The Anachronism Of Today's Patent And Copyright Laws

from the time-to-rethink-them dept

Glyn Moody points us to an interesting post from South African lawyer Andrew Rens discussing how copyright and patent laws are strange legal anachronisms, with little actual basis, similar to the tradition of lawyers in British Commonwealth countries having to wear black robes to court:

In an important but too often overlooked essay entitled ‘Intellectual Property Institutions and Panda’s Thumbs’ economist Paul David likened intellectual property arrangements to the thumb of the Giant Panda. The “thumb” is not a digit at all but an enlarged sesamoid bone which does enable panda?s to grasp but is mechanically limited and inefficient. David explains that copyright and patent are not carefully calibrated mechanisms for encouraging innovation in modern economies but as ill-suited contraptions. Patents and copyright have been developed from the privilegi granted by mercantilist cities in Renaissance Italy, and letters-patent wielded in patronage politics by putative absolute monarchs. The result David notes is that copyright and patent are ?a mixture of the intended and unintended consequences of an undirected historical process on which the the varied interests of many parties, acting at different points (some widely separated in time and space) have left an enduring mark.?

Contemporary discourse on the “Knowledge Economy” often suggests that patent and copyright are unquestioningly appropriate amongst Moore?s Law, network effects, cDNA and nanobots. Its worth asking though whether they make any more sense than African lawyers sweltering in black robes, suits and ties in stifling (non air conditioned) court rooms.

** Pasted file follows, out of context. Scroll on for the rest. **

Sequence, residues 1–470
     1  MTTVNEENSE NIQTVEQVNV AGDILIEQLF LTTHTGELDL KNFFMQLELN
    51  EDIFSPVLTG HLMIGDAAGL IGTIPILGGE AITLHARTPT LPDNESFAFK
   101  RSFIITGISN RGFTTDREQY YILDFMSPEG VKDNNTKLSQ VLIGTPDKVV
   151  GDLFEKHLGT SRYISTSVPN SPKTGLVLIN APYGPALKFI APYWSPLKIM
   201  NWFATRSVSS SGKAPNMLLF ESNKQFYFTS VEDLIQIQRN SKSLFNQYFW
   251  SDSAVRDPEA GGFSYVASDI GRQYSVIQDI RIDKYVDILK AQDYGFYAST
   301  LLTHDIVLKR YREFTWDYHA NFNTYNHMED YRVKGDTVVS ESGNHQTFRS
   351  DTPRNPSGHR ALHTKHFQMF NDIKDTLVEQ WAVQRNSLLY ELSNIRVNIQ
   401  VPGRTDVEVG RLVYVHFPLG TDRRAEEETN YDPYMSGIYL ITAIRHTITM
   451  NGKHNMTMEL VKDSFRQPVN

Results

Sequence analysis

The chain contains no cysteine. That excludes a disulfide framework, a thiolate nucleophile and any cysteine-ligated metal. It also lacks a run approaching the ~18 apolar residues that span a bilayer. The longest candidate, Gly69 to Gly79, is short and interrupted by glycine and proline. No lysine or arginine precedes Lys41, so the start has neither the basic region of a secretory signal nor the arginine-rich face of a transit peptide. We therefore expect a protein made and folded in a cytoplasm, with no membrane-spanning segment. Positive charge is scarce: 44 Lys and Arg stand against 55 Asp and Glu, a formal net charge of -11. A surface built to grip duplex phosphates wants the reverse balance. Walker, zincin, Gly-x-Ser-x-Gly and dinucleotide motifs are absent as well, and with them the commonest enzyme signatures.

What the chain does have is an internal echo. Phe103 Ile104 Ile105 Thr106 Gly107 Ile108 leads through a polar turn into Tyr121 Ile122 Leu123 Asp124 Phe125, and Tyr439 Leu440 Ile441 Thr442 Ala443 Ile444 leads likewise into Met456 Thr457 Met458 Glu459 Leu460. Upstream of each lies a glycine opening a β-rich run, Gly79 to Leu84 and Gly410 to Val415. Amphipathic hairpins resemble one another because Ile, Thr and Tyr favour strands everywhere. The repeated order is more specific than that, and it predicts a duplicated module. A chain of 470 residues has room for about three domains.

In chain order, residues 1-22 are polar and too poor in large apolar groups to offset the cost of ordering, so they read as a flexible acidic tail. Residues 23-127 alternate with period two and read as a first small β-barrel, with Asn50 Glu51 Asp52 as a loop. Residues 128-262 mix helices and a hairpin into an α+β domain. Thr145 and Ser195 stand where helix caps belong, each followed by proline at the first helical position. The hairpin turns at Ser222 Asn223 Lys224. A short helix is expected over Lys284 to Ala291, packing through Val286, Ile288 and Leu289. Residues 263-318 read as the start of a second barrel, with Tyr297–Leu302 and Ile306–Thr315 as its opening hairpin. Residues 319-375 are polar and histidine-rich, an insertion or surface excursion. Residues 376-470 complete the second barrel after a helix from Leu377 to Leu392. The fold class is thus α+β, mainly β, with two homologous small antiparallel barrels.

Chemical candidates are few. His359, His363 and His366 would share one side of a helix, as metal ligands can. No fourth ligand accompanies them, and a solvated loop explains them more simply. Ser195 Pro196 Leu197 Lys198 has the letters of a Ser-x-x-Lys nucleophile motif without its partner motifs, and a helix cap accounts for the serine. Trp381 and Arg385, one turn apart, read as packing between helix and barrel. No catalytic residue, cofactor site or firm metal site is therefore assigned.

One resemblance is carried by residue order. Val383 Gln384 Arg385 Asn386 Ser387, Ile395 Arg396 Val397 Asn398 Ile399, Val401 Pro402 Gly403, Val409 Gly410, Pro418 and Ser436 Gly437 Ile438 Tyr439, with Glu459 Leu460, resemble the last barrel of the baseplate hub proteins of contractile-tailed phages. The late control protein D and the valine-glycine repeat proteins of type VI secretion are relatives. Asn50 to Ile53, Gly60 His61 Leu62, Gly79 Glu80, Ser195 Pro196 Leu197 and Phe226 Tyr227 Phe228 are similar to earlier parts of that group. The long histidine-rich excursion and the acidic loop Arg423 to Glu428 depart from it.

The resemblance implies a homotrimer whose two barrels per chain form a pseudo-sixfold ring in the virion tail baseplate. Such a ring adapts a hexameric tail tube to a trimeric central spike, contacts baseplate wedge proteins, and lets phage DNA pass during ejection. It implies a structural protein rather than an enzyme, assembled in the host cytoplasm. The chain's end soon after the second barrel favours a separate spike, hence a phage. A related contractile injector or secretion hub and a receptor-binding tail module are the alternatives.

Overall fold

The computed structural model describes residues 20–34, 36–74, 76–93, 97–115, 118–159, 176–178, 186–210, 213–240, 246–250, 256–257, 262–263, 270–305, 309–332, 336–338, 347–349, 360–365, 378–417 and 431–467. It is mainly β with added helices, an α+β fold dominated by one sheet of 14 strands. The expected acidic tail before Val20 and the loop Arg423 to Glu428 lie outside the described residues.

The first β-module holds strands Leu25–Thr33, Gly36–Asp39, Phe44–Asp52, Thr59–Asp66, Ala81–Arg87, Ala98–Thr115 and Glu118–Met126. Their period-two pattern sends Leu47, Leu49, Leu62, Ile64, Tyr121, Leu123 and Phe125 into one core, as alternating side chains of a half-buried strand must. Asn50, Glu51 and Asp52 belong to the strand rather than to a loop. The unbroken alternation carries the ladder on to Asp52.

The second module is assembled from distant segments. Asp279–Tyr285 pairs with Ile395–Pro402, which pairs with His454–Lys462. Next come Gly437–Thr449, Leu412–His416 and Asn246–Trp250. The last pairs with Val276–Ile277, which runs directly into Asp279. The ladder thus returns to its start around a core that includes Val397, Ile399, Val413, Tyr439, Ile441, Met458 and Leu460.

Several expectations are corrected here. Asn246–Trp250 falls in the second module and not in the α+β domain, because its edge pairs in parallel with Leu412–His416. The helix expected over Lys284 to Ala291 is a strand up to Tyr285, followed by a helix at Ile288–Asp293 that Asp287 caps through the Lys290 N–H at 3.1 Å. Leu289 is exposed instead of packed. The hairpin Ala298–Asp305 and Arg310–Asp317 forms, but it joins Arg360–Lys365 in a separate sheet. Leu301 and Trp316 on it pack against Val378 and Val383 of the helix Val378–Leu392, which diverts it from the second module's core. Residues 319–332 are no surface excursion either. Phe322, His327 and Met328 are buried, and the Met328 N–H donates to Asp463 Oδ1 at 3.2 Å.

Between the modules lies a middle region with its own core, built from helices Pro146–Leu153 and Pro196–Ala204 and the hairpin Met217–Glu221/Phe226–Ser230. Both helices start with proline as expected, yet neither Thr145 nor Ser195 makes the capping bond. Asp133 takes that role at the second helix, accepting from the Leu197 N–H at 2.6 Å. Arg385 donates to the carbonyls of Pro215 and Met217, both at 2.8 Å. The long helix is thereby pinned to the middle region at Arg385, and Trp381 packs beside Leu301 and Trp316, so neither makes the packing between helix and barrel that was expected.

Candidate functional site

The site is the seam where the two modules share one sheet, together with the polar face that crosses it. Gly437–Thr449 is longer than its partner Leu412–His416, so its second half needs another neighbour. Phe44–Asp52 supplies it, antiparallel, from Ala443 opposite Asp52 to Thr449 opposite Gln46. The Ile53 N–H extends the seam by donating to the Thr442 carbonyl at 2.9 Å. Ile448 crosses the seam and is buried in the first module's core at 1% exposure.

I’d never heard of the Paul David essay, so I looked it up and you can download a copy online (unfortunately, it’s a Microsoft Word doc). It’s a worthwhile read:

In short, with regard to the major structural features of the institutions of

intellectual property protection, one might as well accept that modern economic

analysis offers little basis for resisting the conclusion that the industrial societies of

the West remain “prisoners” of our particular history. It is all too easy to miss that

main message by allowing oneself to be carried away with the style of intricate

economic analysis characteristic of the modern literature devoted to the problem of

the optimum length and scope of patent protection, or the optimum degree to which

copyright should be enforced; and especially with the efforts to be more conclusive,

and construct “positive” theories exposing the economic rationales of this or that

particular aspect of present-day legal institutions. By focusing selectively upon